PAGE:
Health Care Quality and Finite Changes of Trade Policy

Date01 February 2015
Published date01 February 2015
Subject MatterArticles
/tmp/tmp-174dOp38Oz7Las/input Article
Health Care Quality
Foreign Trade Review
50(1) 21–30
and Finite Changes of
©2015 Indian Institute of
Foreign Trade
Trade Policy: A General
SAGE Publications
Equilibrium Analysis
DOI: 10.1177/0015732514558139
Tonmoy Chatterjee1
Kausik Gupta2
This article attempts to relate the issues of health care quality with international
trade. For this purpose we have mixed both flavours of Heckscher-Ohlin-Samuelson
and Neo-Heckscher-Ohlin frameworks and have developed a hybrid type of trade
theoretic general equilibrium model. In such a set-up we have shown that a move-
ment from a regime of international health capital immobility to a regime of inter-
national health capital mobility may lead to an expansion of the size of the health
quality exporting sector and at the same time such type of regime switch may lead
to a contraction of quality of this health care sector. Moreover, from the hybrid
model we have illustrated that the sizes of health care and composite export sec-
tor expand, whereas import sector of our small open economy contracts.
JEL: I10, I15, F11, F21
Health care quality, international trade, international health capital mobility,
general equilibrium
Trade in health services have put on the shelves an increase in importance and
interest among policymakers and economists those who are engaged with health
trade related issues. According to General Agreement on Trade in Services (GATS)
1 Department of Economics, Sidho-Kanho-Birsha University, Purulia, West Bengal, India.
2 West Bengal State University, Kolkata, West Bengal, India.
Corresponding author:
Tonmoy Chatterjee, Department of Economics, Sidho-Kanho-Birsha University, Purulia 723101,
West Bengal, India.

Foreign Trade Review 50(1)
there are four modes through which trade in health services will occur. In this
article we want to emphasize on mode 2 and mode 3 among these four modes.1
Mode 2 implies consumption of health services abroad. In other words it implies
a movement of consumers to the country that supply high quality health services
for treatment. This mode is getting special importance in the globalized world due
to the fact that exports of health services (from the producers of south) with high
quality is always preferred by the importers (consumers of north) of these prod-
ucts. For instance, patients of north countries (the USA, the UK etc.) and south
nations (Bangladesh, Nepal, Bhutan, etc.) come to India for surgery, neurology,
cardiology etc. There is enough evidence that foreign patients come here to get
traditional treatments like Ayurvedic and Unani also. A question may arise in this
context that why patients of north prefer to go to south for their treatment in spite
of the fact that it has been historically observed that south has always produced
low quality products. It can then be inferred that low price may be the only reason
for such type of high demand for exports of health services from south. However,
it is to be noted that low price is a good indicator of bad quality products and
patients of north will not compromise with low quality health services. So there
exists a straight forward contradiction between the evidence and the earlier argu-
ments. The only way out to get rid from that contradiction is that if the south can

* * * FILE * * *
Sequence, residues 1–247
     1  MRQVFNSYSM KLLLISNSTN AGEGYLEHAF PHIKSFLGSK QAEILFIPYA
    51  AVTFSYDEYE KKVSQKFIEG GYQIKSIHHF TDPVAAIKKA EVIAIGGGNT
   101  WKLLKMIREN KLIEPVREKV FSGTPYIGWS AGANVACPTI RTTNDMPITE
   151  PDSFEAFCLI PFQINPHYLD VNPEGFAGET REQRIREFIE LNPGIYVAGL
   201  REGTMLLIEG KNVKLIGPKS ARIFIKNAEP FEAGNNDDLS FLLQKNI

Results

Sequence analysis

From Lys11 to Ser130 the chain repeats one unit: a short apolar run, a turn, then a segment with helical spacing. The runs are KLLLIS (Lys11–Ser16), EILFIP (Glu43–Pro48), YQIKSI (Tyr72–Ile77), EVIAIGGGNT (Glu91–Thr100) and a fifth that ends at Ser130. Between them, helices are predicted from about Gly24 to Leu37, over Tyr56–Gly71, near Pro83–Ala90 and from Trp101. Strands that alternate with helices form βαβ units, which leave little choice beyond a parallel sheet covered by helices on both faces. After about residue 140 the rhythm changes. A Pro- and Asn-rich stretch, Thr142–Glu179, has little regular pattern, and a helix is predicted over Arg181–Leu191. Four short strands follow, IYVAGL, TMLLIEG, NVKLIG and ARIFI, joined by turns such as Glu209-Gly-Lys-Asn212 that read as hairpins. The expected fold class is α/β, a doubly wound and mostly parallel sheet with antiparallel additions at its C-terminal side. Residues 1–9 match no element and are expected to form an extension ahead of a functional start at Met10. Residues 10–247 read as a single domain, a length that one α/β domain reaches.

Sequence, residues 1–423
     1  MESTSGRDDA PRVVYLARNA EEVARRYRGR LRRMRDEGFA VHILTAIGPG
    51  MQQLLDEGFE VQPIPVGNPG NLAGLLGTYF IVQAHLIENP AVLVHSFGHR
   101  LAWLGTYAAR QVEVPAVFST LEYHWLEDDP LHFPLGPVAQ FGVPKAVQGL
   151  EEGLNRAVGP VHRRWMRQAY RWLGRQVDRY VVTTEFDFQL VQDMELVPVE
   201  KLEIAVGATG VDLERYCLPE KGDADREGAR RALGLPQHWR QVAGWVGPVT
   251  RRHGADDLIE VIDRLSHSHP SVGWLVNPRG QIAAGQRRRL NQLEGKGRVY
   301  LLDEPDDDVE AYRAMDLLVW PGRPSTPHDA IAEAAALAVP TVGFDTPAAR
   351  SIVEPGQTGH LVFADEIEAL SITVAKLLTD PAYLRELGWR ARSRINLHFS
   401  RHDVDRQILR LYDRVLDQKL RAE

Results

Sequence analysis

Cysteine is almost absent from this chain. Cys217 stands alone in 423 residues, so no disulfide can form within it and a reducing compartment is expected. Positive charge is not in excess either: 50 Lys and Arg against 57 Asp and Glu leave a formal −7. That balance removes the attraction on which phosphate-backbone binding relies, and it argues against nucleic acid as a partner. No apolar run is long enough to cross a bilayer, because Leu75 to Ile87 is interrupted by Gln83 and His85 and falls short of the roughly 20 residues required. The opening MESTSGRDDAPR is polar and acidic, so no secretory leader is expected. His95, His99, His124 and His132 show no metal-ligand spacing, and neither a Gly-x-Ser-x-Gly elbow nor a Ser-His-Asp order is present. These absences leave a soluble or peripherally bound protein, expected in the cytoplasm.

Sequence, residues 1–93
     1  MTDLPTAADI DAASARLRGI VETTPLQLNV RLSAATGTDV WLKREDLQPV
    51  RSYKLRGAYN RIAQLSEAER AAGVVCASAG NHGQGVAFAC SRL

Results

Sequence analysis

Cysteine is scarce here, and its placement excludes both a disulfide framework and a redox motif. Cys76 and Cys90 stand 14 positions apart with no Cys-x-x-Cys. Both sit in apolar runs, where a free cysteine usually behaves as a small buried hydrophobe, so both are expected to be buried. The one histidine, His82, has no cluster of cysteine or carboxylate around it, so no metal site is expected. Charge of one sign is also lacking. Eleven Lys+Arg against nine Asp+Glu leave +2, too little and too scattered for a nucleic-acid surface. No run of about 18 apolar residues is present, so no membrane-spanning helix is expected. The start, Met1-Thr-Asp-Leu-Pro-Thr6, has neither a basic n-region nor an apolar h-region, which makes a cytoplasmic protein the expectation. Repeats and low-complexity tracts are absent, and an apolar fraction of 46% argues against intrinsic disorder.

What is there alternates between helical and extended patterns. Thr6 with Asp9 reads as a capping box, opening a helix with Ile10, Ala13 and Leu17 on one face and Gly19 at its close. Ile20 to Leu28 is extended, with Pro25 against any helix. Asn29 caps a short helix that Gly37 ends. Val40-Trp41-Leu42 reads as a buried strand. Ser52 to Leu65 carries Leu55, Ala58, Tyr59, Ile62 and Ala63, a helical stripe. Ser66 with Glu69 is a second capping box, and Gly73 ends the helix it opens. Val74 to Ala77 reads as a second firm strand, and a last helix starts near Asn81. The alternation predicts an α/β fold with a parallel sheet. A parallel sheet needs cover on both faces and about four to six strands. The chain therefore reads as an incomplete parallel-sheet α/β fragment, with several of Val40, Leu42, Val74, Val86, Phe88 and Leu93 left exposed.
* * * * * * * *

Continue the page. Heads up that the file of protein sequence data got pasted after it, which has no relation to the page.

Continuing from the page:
supply better quality health services at a relatively lower price compared to the
northern counterpart. Again it is to be noted that mode 3, that is, commercial pres-
ence in health sector,2 may improvise the pattern of trade in health services through
mode 2 with the help of foreign capital mobility. Hence historically observed facts
(production with low quality) will be eliminated due to trade liberalization and
south will produce and export high quality health services with the implicit effects
of foreign capital mobility through skill formation and technology transfer and it
will persist with their spillover effects.3
Although there exists quite a few empirical works related to health care and
FDI,4 even at the theoretical level there are few papers which relate health care
quality with international trade5 but there exists almost no work that relates
trade in health service quality with mode 3 of health trade in a general equilib-
rium trade model. In this article we would like to fill up this lacuna of trade
literature. In this study we want to show that how quality of health care in a
small open economy affects rest of the economy (export [other that health sec-
tor] and import sectors of the small open economy). As we would like to focus
on integrating health quality exporting sector along with rest of the economy in
terms of a model based on general equilibrium structure it is expected that such
a model will provide more informative as well as generalized results compared
to partial equilibrium analysis. Moreover, perhaps this is the first attempt in
trade literature in which both the aspects of health care quality and quantity
have been captured within a HOS type of general equilibrium framework.6 The
interesting result of this study is that quality and quantity of our health export-
ing sector7 will move in opposite directions, that is, from such type of hypotheti-
cal framework we have found a trade-off between health care quality and
quantity of health care due to finite changes in foreign health capital.8

Chatterjee and Gupta
The article is organized in the following manner. Section ‘The Model’ consid-
ers the model. It has two subsections. The subsection ‘International Health Capital
Immobility’ considers the aspect of international health capital immobility and the
subsection ‘International Health Capital Mobility’ considers the issue of interna-

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